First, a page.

In 1949, Archer is paroled from Carderock Prison (he was innocent) and must report regularly to his parole officer, Ernestine Crabtree (she’s “damn fine-looking”). Parole terms forbid his visiting bars or loose women, which could become a problem. Trouble starts when businessman Hank Pittleman offers Archer $100 to recover a ’47 Cadillac that’s collateral for a debt owed by Lucas Tuttle, who readily agrees he owes the money. But Tuttle wants his daughter Jackie back—she’s Pittleman’s girlfriend, and she won’t return to Daddy. Archer finds the car, but it’s been torched. With no collateral to collect, he may have to return his hundred bucks. Meanwhile, Crabtree gets Archer the only job available, butchering hogs at the slaughterhouse. He’d killed plenty of men in combat, and now he needs peace. The Pittleman job doesn’t provide that peace, but at least it doesn’t involve bashing hogs’ brains in. People wind up dead and Archer becomes a suspect. So he noses around and shows that he might have the chops to be a good private investigator, a shamus. This is an era when gals have gams, guys say dang and keep extra Lucky Strikes in their hatbands, and a Lady Liberty half-dollar buys a good meal. The dialogue has a '40s noir feel: “And don’t trust nobody.…I don’t care how damn pretty they are.” There’s adult entertainment at the Cat’s Meow, cheap grub at the Checkered Past, and just enough clichés to prove that no one’s highfalutin. Readers will like Archer. He’s a talented man who enjoys detective stories, won’t keep ill-gotten gains, and respects women. All signs suggest a sequel where he hangs out a shamus shingle.

Archer will be a great series character for fans of crime fiction. Let’s hope the cigarettes don’t kill him.

Pub Date: July 9, 2019

ISBN: 978-1-5387-5056-8

Page Count: 432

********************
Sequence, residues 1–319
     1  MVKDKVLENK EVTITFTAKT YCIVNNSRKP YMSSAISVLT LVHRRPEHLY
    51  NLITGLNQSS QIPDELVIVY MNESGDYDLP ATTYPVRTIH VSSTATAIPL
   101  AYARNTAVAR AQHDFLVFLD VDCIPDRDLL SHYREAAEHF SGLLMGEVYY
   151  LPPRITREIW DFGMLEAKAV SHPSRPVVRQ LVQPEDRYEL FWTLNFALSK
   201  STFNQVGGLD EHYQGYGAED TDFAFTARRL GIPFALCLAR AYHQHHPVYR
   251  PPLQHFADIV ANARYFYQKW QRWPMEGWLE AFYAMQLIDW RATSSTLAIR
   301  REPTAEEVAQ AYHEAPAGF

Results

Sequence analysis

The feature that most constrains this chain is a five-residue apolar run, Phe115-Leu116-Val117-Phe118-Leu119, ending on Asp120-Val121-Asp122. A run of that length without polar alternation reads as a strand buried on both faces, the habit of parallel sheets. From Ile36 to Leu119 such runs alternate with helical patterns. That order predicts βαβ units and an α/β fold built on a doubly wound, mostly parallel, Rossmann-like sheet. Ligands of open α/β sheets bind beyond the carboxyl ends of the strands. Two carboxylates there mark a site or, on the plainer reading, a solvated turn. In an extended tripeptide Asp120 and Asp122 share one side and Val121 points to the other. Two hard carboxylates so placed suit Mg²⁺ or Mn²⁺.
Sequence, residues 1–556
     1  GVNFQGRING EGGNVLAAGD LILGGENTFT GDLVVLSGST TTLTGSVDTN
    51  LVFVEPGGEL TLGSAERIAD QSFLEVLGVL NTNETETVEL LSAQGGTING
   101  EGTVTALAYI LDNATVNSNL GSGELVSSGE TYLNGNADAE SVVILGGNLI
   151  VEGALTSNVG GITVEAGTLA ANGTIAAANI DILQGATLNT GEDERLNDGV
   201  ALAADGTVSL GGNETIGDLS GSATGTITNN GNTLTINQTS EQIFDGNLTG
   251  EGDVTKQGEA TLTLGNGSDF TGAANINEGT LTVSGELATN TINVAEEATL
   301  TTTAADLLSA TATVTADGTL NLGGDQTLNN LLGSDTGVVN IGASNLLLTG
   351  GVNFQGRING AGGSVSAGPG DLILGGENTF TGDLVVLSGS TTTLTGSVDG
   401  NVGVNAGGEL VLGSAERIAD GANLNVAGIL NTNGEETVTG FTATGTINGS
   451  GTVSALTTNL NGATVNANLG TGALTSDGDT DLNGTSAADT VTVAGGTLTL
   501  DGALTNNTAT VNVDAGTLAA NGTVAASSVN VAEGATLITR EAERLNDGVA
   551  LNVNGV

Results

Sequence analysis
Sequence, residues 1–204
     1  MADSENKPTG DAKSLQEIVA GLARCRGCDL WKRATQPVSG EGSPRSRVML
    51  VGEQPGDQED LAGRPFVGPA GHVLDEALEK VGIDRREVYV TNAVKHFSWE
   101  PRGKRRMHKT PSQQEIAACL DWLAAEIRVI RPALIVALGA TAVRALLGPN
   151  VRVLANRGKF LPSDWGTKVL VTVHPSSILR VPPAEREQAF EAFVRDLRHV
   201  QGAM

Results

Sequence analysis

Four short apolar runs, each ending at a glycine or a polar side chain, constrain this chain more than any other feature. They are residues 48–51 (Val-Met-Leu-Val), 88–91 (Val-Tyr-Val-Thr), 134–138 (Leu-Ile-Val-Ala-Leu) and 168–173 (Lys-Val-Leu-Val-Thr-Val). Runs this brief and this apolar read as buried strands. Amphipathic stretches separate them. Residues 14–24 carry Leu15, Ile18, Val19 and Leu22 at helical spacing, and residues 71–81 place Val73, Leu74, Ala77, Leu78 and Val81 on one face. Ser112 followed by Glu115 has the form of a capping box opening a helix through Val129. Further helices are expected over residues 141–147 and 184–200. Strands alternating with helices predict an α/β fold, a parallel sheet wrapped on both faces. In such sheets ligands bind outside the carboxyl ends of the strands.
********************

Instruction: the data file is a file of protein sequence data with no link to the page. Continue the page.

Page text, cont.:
Publisher: Grand Central Publishing

Review Posted Online: Nov. 14, 2019

Did you like this book?

Amateurish, with a twist savvy readers will see coming from a mile away.

THE SILENT PATIENT

A woman accused of shooting her husband six times in the face refuses to speak.

"Alicia Berenson was thirty-three years old when she killed her husband. They had been married for seven years. They were both artists—Alicia was a painter, and Gabriel was a well-known fashion photographer." Michaelides' debut is narrated in the voice of psychotherapist Theo Faber, who applies for a job at the institution where Alicia is incarcerated because he's fascinated with her case and believes he will be able to get her to talk. The narration of the increasingly unrealistic events that follow is interwoven with excerpts from Alicia's diary. Ah, yes, the old interwoven diary trick. When you read Alicia's diary you'll conclude the woman could well have been a novelist instead of a painter because it contains page after page of detailed dialogue, scenes, and conversations quite unlike those in any journal you've ever seen. " 'What's the matter?' 'I can't talk about it on the phone, I need to see you.' 'It's just—I'm not sure I can make it up to Cambridge at the minute.' 'I'll come to you. This afternoon. Okay?' Something in Paul's voice made me agree without thinking about it. He sounded desperate. 'Okay. Are you sure you can't tell me about it now?' 'I'll see you later.' Paul hung up." Wouldn't all this appear in a diary as "Paul wouldn't tell me what was wrong"? An even more improbable entry is the one that pins the tail on the killer. While much of the book is clumsy, contrived, and silly, it is while reading passages of the diary that one may actually find oneself laughing out loud.

Amateurish, with a twist savvy readers will see coming from a mile away.

Pub Date: Feb. 5, 2019

ISBN: 978-1-250-30169-7

Page Count: 304

Publisher: Celadon Books

Review Posted Online: Nov. 4, 2018

Kirkus Reviews Issue: Nov. 15, 2018

Did you like this book?

No Comments Yet
more